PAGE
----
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Options spreads are options trading strategies that involve taking simultaneous opposing positions at different exercise prices or strike prices. Options pricing involves estimates regarding future volatility; options spreads are a useful tool for minimizing the risk from making incorrect estimates.
The simplest of options spreads is the vertical. A vertical consists of one long option, and one short one. Both must have the same expiration date, but will have different strike, or exercise, prices. Depending on which strikes are bought and sold, a vertical can be either bearish or bullish. Selling (or buying) a lower priced put (or call) option while buying (or selling) a higher priced one is bullish; taken in reverse, the vertical will be bearish. Vertical options spreads have limited risk but have limited profit potential.
Ratio spreads, or backspreads, are options spreads similar to verticals, except the number of options bought is not the same as the number of options sold. For example, a bullish ratio spread can be constructed by selling a lower priced call and buying twice as many higher priced calls. If the price moves dramatically higher, the spread will be profitable. Because of the dependence on a rapid movement in price, backspreads are classified as a volatility spread.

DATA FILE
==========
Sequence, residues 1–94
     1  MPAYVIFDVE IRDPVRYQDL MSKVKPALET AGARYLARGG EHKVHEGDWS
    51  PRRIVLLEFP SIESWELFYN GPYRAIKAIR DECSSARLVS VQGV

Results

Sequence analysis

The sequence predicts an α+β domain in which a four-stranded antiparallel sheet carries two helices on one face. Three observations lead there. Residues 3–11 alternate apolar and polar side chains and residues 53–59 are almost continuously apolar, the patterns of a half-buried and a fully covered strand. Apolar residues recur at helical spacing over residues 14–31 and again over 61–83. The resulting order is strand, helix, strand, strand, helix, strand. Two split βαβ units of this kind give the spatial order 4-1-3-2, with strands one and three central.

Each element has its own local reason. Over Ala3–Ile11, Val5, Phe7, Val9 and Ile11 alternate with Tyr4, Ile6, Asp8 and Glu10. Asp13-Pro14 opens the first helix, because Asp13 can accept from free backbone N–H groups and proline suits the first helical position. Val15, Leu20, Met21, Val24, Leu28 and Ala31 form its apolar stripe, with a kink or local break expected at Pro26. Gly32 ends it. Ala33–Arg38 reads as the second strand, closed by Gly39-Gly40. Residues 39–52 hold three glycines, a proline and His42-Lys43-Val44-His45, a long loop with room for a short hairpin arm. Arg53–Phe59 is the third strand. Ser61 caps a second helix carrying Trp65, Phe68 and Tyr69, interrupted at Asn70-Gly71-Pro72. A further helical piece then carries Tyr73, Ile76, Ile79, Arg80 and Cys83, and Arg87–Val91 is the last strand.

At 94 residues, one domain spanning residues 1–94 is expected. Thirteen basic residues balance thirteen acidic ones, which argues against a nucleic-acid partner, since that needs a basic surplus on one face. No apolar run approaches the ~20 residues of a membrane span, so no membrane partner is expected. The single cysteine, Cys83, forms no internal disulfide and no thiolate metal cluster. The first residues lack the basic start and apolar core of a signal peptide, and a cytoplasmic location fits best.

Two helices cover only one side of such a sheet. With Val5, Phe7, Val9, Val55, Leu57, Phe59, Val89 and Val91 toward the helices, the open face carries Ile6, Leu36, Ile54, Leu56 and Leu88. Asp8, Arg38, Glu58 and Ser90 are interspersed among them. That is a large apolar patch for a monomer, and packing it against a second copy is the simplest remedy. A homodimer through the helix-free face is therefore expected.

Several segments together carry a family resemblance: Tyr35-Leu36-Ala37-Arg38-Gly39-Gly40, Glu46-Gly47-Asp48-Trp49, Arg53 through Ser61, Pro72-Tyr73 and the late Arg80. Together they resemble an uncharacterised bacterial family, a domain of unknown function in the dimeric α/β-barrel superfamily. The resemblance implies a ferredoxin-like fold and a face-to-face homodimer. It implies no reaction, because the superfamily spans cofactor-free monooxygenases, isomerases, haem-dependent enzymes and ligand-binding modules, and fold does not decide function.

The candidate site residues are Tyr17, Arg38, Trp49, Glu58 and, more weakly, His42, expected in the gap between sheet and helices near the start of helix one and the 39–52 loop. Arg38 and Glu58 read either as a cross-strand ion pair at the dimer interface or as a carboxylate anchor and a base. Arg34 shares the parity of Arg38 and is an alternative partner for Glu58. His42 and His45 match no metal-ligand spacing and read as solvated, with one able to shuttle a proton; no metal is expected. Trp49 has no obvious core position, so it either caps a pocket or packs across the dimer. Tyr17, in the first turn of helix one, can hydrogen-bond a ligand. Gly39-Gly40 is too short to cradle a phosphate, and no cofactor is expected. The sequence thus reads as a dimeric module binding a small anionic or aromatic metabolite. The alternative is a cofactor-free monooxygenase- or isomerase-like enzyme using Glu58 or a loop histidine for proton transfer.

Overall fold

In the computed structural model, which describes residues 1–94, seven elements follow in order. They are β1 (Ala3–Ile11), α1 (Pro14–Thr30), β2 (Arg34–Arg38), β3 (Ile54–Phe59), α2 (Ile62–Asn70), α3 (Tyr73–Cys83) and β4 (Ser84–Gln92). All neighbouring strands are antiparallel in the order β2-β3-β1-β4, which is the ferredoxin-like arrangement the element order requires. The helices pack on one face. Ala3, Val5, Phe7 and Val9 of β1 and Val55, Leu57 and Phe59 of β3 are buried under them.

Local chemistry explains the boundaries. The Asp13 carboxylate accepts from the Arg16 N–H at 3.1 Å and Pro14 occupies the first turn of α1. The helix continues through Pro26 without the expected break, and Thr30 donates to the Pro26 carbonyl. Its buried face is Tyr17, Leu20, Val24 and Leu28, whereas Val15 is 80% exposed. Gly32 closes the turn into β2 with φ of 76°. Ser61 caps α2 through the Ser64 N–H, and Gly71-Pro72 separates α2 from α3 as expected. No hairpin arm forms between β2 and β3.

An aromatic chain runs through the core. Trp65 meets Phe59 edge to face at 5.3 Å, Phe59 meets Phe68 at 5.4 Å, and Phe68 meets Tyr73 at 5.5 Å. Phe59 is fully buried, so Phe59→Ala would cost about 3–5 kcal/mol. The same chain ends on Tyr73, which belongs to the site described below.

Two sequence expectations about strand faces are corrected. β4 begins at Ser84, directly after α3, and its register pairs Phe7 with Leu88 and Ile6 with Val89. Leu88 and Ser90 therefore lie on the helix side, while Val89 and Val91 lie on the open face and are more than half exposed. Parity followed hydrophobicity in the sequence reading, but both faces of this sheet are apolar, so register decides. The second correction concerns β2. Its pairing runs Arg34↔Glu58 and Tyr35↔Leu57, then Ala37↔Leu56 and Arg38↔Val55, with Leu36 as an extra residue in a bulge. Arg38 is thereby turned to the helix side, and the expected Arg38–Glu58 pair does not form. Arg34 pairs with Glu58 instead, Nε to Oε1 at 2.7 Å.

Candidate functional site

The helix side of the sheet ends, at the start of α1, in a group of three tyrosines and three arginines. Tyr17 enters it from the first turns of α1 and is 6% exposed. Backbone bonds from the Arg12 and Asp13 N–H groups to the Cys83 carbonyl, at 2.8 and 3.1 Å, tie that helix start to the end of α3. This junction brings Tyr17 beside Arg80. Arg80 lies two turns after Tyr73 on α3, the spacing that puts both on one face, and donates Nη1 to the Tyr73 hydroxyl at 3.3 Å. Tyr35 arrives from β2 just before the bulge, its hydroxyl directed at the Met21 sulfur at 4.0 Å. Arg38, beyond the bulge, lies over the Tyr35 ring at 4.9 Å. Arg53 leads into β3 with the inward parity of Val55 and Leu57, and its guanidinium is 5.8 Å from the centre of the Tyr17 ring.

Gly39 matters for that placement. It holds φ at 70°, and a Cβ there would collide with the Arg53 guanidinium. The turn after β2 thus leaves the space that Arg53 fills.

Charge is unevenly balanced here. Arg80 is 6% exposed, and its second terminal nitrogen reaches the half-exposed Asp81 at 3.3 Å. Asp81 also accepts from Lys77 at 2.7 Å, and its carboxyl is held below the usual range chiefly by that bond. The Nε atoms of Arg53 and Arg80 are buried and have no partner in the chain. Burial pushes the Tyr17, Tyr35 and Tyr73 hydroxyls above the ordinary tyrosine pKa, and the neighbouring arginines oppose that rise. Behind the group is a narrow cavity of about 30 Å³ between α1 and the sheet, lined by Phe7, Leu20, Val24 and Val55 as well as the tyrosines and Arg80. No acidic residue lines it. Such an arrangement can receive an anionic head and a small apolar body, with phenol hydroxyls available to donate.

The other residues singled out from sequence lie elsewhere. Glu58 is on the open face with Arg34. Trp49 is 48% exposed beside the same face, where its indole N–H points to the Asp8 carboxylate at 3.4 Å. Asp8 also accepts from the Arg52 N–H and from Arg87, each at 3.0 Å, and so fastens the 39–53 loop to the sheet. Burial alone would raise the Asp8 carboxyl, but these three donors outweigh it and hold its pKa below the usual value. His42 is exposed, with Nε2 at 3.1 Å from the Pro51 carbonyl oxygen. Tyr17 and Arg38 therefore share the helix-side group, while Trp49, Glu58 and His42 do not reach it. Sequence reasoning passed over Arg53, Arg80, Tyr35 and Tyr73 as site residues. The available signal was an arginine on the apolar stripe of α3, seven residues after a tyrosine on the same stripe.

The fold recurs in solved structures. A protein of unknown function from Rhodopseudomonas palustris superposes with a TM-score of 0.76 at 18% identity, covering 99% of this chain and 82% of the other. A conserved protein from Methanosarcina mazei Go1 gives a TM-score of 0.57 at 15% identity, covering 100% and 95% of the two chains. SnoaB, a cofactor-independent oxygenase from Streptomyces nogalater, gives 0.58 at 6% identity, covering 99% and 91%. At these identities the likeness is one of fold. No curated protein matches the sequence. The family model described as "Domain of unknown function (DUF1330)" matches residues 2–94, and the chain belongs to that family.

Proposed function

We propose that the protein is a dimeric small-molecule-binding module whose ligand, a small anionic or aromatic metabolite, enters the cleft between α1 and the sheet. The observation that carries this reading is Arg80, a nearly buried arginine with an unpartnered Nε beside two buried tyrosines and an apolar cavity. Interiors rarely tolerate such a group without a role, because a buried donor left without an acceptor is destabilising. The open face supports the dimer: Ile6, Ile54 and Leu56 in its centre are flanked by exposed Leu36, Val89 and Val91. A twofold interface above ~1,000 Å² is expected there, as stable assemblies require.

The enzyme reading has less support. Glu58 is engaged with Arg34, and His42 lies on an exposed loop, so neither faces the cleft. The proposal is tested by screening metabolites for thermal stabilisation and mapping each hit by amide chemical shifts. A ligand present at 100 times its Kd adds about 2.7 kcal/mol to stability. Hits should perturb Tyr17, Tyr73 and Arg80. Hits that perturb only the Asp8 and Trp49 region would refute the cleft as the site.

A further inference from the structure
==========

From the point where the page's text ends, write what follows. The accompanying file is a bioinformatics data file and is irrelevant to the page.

The butterfly strategy is a more complex options spread built from options bought and sold at three different strike prices. All three positions (legs) are of the same type; either all puts or all calls, and all with the same expiration date. If the underlying stock is at 100, a long butterfly could be made by buying puts (or calls) at 95 and 105 and selling twice as many puts (or calls) at 100. The maximum profit comes if the underlying stock is right at 100 at expiration, and the maximum loss occurs if the price moves past either 95 or 105. This is, in effect, the shorting of volatility. A short butterfly reverses the buys and sells, and conversely the maximum profit occurs if the price moves as far from 100 as possible. It is a bet on increased volatility.
A related options spread can built by combining a bullish call (or put) spread with a bearish one. If the two spreads are centered at the same price - for example short a put at 95, long a put and long a call at 100, and short a call at 105 - it is called an iron butterfly. In terms of profit and loss potential, it acts very much like a basic butterfly strategy. If the two spreads do not overlap, the position is called a condor.
All the above options spreads involve positions with identical expiration dates. Calendar, or time spreads, involve multiple positions with different expirations. A long time spread involves selling one option and buying another at the same exercise price but expiring at a later date. Like a long butterfly, it is a bet against increasing volatility. A short time spread is the converse; by selling the longer term option, the position is sensitive to increases in volatility.
I have 10 January 490 2008 calls on Google; I have had these for sometime. I would like to sell August calls against these leaps. The calls I would sell would be at a price higher than current trading prices. If I am called out and don't have the resources in my account to purchase a thousand shares of google, wouldn't the money owed from the one purchasing at the higher price, cover my obligation?
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